Stuart Goldsmith is a polished comic. Leaving little room for error his style of storytelling is slick, cleverly constructed and thoughtful. Compared to What is a show that tackles self-involvement and first-time parenting, deconstructing the concepts into comprehensible jokes that everyone can get on board with.
Successfully varies tone, momentum and pace to keep the packed out audience in the Liquid Room Annexe glued for the whole hour.
The comedian begins with material about why he is so self-involved using a tale about a train’s Silent Carriage, which seemed slightly far-fetched. However, the material most definitely picks up with some fantastic observational comedy about countryside vs city living, which included a comment on the hierarchy of rush hour commuters that was bolstered with wonderful description. Another piece that should be applauded for its sophistication and sheer hilarity is his rundown of booking an Airbnb in his next door neighbour’s house. But possibly his finest hour was the stylistic way he compares the tale of the fox, the chicken and the bag of grain to having a baby.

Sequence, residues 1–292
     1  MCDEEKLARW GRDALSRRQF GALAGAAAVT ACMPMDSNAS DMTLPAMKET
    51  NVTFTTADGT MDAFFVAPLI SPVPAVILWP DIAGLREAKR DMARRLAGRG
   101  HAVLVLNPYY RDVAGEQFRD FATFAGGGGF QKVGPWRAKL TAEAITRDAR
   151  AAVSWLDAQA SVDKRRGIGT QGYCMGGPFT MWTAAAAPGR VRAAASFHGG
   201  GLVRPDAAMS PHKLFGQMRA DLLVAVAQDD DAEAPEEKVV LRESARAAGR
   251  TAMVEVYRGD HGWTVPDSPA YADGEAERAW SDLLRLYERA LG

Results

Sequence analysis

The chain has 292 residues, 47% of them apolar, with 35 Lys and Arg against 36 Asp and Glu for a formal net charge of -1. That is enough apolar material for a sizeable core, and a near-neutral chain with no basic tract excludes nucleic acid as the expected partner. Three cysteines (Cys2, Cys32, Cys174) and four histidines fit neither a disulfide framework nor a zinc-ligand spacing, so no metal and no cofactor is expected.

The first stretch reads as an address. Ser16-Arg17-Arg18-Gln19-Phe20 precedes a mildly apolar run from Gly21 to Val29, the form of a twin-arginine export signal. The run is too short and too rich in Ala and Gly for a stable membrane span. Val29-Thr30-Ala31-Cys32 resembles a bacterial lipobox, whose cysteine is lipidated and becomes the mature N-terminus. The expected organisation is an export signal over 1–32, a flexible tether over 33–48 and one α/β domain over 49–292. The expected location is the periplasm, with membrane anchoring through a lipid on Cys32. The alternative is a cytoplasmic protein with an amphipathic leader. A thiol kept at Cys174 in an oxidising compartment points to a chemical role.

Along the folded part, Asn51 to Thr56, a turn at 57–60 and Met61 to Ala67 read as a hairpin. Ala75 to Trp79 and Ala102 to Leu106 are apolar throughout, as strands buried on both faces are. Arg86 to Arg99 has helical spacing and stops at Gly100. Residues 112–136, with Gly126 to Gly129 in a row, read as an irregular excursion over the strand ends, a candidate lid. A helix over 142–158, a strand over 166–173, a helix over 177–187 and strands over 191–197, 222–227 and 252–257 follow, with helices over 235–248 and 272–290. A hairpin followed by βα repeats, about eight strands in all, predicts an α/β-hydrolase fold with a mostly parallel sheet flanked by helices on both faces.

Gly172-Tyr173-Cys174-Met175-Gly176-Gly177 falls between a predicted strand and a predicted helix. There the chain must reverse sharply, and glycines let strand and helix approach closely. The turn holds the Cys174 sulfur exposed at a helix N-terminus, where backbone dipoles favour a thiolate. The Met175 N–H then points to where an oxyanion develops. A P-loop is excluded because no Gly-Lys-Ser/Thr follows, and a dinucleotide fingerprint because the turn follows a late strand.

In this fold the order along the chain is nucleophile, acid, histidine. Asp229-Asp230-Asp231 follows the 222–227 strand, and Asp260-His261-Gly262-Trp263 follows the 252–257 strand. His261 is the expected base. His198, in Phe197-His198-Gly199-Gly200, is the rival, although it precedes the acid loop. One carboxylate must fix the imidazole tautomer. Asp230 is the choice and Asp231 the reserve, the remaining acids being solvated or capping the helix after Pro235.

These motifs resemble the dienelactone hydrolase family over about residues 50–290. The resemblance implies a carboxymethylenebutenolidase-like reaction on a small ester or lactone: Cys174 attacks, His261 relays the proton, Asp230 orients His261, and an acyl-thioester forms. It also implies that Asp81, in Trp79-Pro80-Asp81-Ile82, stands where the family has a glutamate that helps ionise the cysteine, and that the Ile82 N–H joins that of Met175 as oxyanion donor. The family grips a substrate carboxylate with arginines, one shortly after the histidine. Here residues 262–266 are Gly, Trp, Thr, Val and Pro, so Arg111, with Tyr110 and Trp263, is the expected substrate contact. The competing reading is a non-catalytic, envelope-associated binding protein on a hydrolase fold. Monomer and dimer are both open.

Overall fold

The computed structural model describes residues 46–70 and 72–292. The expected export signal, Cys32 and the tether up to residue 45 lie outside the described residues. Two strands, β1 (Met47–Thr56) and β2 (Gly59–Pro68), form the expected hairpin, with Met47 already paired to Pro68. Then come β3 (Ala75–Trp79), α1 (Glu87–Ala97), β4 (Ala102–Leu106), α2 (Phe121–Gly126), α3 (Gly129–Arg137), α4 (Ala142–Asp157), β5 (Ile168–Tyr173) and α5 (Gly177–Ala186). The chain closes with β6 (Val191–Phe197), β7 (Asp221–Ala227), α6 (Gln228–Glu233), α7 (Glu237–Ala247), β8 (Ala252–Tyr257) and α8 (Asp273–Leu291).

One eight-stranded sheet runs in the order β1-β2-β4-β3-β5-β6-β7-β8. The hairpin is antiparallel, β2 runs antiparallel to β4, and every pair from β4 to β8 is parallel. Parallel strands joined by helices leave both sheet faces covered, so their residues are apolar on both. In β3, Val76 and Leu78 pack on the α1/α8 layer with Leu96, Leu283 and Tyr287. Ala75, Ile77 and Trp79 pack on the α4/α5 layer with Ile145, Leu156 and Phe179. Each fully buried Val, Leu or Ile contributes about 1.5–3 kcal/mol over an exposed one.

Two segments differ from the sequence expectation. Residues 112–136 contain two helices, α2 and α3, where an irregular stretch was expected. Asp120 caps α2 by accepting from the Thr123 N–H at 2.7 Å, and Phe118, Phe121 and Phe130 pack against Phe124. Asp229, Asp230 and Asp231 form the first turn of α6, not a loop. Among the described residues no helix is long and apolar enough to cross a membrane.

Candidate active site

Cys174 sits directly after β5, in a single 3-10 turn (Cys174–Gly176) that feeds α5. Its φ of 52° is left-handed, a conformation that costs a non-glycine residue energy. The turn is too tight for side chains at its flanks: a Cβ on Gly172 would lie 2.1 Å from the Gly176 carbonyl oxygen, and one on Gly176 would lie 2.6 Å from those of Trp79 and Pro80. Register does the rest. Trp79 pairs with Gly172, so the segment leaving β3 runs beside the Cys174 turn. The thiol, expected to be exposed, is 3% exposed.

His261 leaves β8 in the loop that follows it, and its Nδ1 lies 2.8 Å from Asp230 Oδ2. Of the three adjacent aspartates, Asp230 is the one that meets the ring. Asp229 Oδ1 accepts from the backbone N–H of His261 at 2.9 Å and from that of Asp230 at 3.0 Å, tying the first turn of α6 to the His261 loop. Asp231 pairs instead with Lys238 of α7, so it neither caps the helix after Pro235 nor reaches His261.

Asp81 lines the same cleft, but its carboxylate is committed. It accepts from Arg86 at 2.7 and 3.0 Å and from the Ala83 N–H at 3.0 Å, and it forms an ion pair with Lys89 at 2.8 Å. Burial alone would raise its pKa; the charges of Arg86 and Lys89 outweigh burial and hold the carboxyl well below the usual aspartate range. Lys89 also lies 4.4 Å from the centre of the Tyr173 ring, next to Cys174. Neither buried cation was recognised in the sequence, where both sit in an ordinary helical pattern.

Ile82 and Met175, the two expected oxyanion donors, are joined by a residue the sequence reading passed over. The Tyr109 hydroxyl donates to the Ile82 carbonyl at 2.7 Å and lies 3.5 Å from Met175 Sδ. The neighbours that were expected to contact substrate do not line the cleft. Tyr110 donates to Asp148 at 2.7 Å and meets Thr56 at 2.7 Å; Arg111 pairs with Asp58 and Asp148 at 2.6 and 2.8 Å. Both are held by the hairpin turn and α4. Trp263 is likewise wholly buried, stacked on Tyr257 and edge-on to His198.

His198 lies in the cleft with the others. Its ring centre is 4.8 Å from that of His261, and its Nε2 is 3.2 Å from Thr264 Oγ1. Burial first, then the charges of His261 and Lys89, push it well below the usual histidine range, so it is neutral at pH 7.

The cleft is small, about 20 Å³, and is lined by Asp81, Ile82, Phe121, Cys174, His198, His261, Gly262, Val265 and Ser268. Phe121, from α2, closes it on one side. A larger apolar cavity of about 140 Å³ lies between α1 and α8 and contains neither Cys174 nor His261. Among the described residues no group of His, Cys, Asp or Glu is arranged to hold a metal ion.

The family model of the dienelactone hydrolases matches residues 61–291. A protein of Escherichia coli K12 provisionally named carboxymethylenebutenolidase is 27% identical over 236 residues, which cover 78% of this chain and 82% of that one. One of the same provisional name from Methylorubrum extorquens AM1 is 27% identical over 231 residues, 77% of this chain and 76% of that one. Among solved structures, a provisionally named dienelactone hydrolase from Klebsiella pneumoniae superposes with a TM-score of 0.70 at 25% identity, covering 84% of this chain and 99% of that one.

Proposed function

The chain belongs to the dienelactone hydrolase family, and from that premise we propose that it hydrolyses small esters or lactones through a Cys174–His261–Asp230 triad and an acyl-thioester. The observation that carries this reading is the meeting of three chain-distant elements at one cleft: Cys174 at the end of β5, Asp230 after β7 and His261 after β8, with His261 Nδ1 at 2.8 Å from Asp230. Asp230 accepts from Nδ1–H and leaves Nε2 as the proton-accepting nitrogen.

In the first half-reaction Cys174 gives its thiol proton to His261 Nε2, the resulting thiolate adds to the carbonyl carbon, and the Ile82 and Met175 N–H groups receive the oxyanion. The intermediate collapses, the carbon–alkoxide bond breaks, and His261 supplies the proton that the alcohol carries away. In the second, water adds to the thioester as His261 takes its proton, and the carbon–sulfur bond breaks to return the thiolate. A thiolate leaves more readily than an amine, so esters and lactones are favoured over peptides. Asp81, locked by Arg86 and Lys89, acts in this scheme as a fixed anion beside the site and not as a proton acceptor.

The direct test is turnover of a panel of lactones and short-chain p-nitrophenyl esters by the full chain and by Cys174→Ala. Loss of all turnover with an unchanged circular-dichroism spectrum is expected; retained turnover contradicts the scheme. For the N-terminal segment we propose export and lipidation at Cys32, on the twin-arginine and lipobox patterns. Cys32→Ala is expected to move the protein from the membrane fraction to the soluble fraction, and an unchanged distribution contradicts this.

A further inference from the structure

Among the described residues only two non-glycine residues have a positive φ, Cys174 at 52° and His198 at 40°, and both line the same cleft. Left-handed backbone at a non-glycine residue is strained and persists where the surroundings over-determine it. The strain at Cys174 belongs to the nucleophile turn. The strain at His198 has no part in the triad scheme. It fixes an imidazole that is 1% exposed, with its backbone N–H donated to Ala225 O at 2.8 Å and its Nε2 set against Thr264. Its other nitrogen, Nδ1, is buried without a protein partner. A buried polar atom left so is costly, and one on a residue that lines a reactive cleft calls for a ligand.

Stuart comes across as someone who has studied the art of comedy, using a variety of joke formations to vary the tone, style and pace. There is no question of his skill, but it does not appear to come naturally, working hard to deliver his well-constructed material and struggling only at impromptu conversations with audience members and even whispering to himself on stage, “don’t improvise”. The self-confessed “Mr Nice Guy” is, in my opinion, too safe with his material while trying to be accommodating to all. Perhaps the addition of something controversial would only enhance the sophisticated work that he produces.
Nevertheless Stuart successfully varies tone, momentum and pace to keep the packed out audience in the Liquid Room Annexe glued for the whole hour.